From Rose Ejembi, Makurdi
Plateau State Governor, Solomon Lalong, has led a delegation of Plateau elders to Benue, to commiserate with the government and people of the state, over the herdsmen invasion on January 1, in which over 70 people were killed and, to formally tender apologies to Governor Samuel Ortom, for saying he warned him against implementing the Anti-Open Grazing Act.
Lalong, who was represented by his Commissioner for Lands and Survey, Fetus Fwamtel, noted that Benue and Plateau states have lost over 7,000 people each to so-called ‘unknown gunmen,’ and described the recent killing in Benue as “one murder too many and an onslaught against us as a people.” Lalong noted that the separation of Benue and Plateau is not to divide the people but, to unite them.
“We cannot afford to break our ties; we cannot afford to fail our past leaders who toiled to ensure our unity.”
In his response, Ortom noted that Lalong and himself had come a long way and explained that even before he (Lalong) apologised, he had forgiven him but expressed joy that his colleague openly apologised.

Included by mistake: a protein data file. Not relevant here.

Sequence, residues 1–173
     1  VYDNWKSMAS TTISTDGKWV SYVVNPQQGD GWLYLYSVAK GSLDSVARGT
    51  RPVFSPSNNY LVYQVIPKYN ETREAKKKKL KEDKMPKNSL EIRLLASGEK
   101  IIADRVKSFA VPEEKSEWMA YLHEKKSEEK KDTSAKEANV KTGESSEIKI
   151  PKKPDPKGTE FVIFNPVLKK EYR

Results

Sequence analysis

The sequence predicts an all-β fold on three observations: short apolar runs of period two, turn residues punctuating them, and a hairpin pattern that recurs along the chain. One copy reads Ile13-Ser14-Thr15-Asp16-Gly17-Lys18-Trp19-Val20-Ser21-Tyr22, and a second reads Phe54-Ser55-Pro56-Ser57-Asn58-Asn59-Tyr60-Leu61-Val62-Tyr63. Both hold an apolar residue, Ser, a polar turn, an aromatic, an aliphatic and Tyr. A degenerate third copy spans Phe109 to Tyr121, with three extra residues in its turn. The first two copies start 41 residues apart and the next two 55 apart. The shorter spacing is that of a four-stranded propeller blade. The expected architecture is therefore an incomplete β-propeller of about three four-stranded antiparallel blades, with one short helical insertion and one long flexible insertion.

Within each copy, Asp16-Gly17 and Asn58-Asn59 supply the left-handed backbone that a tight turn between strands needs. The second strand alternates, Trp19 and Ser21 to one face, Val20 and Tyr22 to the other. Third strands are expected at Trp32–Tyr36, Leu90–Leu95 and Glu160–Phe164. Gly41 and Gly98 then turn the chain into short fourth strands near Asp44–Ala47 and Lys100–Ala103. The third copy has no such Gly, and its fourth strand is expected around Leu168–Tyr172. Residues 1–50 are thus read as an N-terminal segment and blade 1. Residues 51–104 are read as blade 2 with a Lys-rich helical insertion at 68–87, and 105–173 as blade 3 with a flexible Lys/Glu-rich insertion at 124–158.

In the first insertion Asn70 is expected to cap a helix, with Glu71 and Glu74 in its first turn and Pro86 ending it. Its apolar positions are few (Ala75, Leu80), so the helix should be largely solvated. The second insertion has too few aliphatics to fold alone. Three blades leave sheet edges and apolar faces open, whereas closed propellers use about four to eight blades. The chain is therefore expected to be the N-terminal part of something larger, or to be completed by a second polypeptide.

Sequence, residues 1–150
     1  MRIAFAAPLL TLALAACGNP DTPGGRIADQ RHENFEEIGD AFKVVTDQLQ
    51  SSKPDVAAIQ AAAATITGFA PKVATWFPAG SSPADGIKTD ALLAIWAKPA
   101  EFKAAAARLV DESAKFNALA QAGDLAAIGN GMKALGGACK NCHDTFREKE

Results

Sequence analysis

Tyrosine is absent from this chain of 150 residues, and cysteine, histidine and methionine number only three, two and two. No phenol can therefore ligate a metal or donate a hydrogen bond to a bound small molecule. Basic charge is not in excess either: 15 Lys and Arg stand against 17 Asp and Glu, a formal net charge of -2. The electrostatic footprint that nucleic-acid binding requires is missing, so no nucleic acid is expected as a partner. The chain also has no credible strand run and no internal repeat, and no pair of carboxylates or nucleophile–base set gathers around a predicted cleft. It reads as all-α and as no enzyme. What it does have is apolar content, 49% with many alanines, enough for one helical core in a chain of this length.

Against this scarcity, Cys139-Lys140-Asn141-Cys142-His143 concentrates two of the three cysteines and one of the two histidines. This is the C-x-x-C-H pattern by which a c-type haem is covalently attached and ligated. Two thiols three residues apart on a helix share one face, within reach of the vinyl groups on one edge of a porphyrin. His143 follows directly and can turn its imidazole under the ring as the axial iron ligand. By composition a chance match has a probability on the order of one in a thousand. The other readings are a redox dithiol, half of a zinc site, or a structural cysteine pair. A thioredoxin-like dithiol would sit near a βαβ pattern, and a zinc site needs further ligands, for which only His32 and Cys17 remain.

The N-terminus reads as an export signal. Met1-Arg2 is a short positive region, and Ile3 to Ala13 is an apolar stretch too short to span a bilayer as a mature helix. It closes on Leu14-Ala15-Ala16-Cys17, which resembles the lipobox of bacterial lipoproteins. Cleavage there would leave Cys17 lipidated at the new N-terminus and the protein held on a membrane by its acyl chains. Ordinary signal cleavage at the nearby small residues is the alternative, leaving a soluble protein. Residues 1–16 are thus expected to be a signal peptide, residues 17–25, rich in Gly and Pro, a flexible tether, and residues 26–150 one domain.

“Lalong and I have been close, thinking together on how we can overcome our common challenges. We need to get closer now, more than ever before. He apologised and even before he did, I made a pronouncement that I had forgiven him. I am happy he apologized so we can quickly put this behind us.”
Ortom also seized the opportunity to apologise to his Nasarawa State counterpart, Alhaji Tanko Al-Makura for saying that the state was harboring herdsmen who attacked Benue. Ortom stressed that he should have confided in him first before going public with the information he received.
“There is no need for any blame game among us.”
He also maintained that the grazing law is not targeted at any particular ethnic group as being erroneously insinuated in some quarters.